1. My child WANTS to be in all of these activities
Sure your child does! And you love them and want to provide, that is a great intention. And they want to eat all the Halloween candy in a few days, but you probably don't let them do that. As parents it is up to you to watch stress levels and create boundaries, teaching your child to say no is an extremely valuable lesson. There will be time in life to take up dance maybe next summer or school year, focus on karate only for now. It's also a good lesson in pacing life and learning how to focus on one thing at a time and learning patience. Also, your children watch you closely and pick up on habits and coping skills, modeling pacing and saying no for yourself is just as important as setting boundaries for them. I like to remind parents often, oxygen mask on you first: if you are stressed your kids are probably picking up on that. Slowing down and caring for yourself is critical in parenting. Some good questions to ask yourself are: What is your relationship to saying no and pacing yourself? What example are you giving to child on scheduling activities and doing things in your own life? Also, do you tend to take everything on at once and expect yourself to be good at them all? How do you cope with that?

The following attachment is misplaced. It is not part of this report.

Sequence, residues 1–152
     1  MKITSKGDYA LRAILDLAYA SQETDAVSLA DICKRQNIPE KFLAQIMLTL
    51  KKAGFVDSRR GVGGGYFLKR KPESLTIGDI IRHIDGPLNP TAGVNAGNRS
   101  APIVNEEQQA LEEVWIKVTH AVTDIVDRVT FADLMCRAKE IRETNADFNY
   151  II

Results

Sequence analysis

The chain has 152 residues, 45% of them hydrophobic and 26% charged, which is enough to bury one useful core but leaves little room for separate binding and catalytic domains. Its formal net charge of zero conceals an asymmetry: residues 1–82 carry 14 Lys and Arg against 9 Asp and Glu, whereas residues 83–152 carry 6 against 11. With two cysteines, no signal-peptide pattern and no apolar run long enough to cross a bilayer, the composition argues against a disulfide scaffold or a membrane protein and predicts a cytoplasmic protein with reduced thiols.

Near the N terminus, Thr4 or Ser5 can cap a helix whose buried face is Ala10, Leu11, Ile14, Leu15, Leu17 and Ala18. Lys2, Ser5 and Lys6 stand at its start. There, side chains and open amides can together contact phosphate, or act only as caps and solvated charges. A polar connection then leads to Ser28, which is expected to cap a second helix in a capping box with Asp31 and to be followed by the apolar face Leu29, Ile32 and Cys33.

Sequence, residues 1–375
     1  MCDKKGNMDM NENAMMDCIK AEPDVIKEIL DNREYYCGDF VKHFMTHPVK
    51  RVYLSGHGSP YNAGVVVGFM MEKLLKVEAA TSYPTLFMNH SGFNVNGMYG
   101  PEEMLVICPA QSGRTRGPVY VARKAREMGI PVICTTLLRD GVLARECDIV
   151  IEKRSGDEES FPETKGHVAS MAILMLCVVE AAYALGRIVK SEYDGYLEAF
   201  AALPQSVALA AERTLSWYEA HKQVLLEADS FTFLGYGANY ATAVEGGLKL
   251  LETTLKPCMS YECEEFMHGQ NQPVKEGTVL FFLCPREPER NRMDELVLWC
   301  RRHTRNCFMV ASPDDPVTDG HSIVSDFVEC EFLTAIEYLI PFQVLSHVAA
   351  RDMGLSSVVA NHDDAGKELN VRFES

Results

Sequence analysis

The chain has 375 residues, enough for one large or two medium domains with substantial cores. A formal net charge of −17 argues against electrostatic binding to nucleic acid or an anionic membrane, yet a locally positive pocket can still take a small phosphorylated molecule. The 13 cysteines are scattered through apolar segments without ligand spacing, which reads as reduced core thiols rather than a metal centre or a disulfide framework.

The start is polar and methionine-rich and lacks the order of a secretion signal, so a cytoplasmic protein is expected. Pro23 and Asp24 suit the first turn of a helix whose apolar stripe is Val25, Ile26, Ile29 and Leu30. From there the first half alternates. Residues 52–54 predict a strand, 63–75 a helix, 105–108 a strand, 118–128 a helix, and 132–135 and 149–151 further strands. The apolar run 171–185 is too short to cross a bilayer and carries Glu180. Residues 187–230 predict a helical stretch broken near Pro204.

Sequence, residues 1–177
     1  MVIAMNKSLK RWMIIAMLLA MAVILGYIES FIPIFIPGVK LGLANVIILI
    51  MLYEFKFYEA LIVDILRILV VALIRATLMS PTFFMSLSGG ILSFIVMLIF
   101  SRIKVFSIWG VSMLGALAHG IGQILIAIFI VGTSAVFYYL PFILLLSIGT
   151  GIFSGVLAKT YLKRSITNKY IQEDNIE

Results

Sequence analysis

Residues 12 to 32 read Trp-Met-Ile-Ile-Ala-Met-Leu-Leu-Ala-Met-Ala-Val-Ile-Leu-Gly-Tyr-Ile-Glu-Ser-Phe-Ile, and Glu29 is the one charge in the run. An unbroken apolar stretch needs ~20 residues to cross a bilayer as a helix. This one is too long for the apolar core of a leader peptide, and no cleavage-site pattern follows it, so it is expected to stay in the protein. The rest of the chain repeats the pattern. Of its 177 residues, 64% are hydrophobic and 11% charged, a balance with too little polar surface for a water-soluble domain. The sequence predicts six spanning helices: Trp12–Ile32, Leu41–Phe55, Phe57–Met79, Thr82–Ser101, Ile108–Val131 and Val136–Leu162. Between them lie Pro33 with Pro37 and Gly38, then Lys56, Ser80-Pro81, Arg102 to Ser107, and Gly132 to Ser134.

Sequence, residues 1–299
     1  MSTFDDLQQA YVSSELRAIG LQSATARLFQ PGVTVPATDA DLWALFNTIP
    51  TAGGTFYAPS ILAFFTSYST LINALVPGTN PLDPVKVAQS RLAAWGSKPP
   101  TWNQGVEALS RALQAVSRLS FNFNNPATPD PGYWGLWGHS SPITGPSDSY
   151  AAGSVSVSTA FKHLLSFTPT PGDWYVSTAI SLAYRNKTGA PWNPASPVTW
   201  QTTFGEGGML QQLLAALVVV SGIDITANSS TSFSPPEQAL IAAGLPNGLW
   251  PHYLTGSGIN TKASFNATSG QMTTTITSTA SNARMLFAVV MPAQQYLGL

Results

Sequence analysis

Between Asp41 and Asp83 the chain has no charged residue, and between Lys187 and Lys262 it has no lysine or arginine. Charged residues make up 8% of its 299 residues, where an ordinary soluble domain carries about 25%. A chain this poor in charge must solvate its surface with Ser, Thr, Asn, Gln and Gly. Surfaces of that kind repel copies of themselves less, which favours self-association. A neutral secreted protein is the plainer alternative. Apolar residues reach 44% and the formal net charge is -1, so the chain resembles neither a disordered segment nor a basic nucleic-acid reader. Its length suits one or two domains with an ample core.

2. We are prepping for a good high school and college; they need the activities on their resume.
I hear this most often from parents with middle school kids, but even from those with grade school children. While I do understand that if you are shooting for elite schools down the road this is a factor I urge you to slow down. I urge you to teach your child to slow down. If we are always pushing toward a performance goal that can create all kinds of unhealthy patterns like feeling you are only worthy if you are achieving instead of feeling worthy just as you are. It can teach kids that they need to be busy all of the time which takes away time for recharging and rejuvenating, getting bored and then creative and imaginative with that boredom, and just being a kid and enjoying the moment. Childhood goes so fast, why are we rushing into college in the second grade? Also, where is the time for your relationship with yourself and loved ones?
So many times I ask parents when they spend time with their kids and it's in the car going to and from activities. This is not quality bonding time, if you are so scheduled it is hard to find time to play together or talk this is also an indicator you are over-scheduled.